British company Weir fined for breaching Iraq sanctions

15th December 2010, Comments 0 comments

British engineering firm Weir was fined three million pounds (4.7 million dollars, 3.5 million euros) Wednesday for paying illegal kickbacks to Saddam Hussein's Iraqi regime to secure contracts.

The fine was imposed at the High Court in Edinburgh after Weir admitted two charges of breaching United Nations sanctions in connection with contracts awarded under the UN oil for food programme.

The Glasgow-based firm, which makes pumps and valves for the oil and gas industry, had already agreed to forfeit profits from the deals to the tune of 13.9 million pounds -- a record under Scottish law, according to officials.

Imposing the three-million-pound fine, judge Colin Sutherland said he had considered the need to "deter future offences", as well as the fact that decisions to pay the kickbacks were authorised at a senior level.

"A substantial financial penalty is undoubtedly merited," he said.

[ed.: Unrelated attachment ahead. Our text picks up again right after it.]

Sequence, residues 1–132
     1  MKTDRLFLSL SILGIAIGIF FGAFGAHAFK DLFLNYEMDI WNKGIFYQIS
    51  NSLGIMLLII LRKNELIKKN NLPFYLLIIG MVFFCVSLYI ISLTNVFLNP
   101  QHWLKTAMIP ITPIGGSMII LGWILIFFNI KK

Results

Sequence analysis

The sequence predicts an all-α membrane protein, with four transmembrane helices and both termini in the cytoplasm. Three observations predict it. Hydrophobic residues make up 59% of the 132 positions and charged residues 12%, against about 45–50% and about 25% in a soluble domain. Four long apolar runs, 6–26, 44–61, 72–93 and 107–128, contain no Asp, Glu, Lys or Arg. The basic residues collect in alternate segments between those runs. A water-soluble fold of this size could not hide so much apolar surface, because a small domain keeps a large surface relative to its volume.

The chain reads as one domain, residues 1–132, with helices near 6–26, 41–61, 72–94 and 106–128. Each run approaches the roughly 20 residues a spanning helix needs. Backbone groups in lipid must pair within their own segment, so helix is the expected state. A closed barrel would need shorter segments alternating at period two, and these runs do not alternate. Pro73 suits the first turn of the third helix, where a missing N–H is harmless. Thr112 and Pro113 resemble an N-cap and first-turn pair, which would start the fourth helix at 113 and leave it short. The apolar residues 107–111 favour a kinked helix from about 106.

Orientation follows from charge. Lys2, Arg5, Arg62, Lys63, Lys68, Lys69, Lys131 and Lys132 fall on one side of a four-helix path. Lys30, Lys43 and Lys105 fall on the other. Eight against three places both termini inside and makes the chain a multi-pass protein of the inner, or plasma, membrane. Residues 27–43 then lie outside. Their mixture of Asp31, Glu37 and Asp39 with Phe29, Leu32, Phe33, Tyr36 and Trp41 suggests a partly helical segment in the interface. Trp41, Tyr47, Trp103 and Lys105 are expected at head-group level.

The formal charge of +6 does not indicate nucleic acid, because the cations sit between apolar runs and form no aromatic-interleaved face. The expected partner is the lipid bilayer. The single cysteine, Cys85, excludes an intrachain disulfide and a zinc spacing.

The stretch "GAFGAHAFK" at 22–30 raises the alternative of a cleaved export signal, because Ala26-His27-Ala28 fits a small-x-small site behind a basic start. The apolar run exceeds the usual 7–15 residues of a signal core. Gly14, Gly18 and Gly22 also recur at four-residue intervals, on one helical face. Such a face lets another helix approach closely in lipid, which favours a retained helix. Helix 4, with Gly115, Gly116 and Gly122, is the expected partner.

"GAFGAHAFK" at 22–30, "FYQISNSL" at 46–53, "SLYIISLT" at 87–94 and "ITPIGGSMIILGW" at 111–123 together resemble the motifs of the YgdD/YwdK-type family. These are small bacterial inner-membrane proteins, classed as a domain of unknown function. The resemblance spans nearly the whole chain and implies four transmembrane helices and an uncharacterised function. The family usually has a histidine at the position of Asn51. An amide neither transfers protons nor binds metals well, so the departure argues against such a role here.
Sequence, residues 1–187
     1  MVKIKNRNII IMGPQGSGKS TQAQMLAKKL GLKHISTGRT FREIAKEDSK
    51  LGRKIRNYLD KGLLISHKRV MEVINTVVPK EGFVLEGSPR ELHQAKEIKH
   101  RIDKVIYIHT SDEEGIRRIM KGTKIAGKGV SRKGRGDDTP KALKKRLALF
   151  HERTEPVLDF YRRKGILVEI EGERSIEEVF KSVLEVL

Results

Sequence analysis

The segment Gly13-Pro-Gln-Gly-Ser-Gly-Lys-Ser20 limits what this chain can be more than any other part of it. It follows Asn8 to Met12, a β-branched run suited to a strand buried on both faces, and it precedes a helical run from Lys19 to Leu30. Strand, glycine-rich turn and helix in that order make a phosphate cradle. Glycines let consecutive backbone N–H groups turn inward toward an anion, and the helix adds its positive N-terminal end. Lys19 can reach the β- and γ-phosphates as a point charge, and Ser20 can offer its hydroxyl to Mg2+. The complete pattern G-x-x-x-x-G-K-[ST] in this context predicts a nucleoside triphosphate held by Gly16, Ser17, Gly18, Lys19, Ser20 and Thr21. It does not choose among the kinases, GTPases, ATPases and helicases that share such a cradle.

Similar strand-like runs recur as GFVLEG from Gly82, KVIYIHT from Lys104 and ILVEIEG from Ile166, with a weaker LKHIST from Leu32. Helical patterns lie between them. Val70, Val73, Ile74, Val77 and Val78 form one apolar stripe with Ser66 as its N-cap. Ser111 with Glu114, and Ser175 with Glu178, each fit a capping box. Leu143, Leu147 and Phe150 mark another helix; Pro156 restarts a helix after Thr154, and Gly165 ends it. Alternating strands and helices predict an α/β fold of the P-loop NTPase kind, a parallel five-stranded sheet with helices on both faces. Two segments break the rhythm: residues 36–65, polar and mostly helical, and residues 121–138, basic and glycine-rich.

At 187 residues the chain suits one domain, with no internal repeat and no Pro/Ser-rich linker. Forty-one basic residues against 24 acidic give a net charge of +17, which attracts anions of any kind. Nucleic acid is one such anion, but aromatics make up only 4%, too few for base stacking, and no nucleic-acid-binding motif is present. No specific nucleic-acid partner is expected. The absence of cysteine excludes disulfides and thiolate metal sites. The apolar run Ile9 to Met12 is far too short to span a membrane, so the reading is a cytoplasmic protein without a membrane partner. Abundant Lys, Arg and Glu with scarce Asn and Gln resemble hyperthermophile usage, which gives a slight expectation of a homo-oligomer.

Speaking outside court, Weir group chairman Lord Robert Smith said: "What happened back in 2001 was wrong and we accept full responsibility.

"Since 2001, Weir has been transformed. We have a different board and we have a different management team."

He added: "Today, we have in place robust ethical policies and procedures and we operate a zero-tolerance approach to any behaviour that contravenes them."

Weir admitted making payments of 3.1 million pounds to the Iraqi regime through an agent to get contracts worth 35 million pounds between September 2001 and April 2004 to supply spare pumps for drinking water and oil projects.

The agent was also paid about 1.4 million pounds for his work.

The court heard that in 2000, the Iraqi government decreed that companies supplying goods had to pay a kickback to secure contracts, worth 10 percent of their value.

The supplier would then claim the inflated price from funds controlled by the UN as part of the oil for food programme, which was intended to allow Iraq to sell its oil provided the cash was used for humanitarian purposes.

They would keep the true cost of the contract and pay the extra 10 percent to the Iraqi regime.

© 2010 AFP

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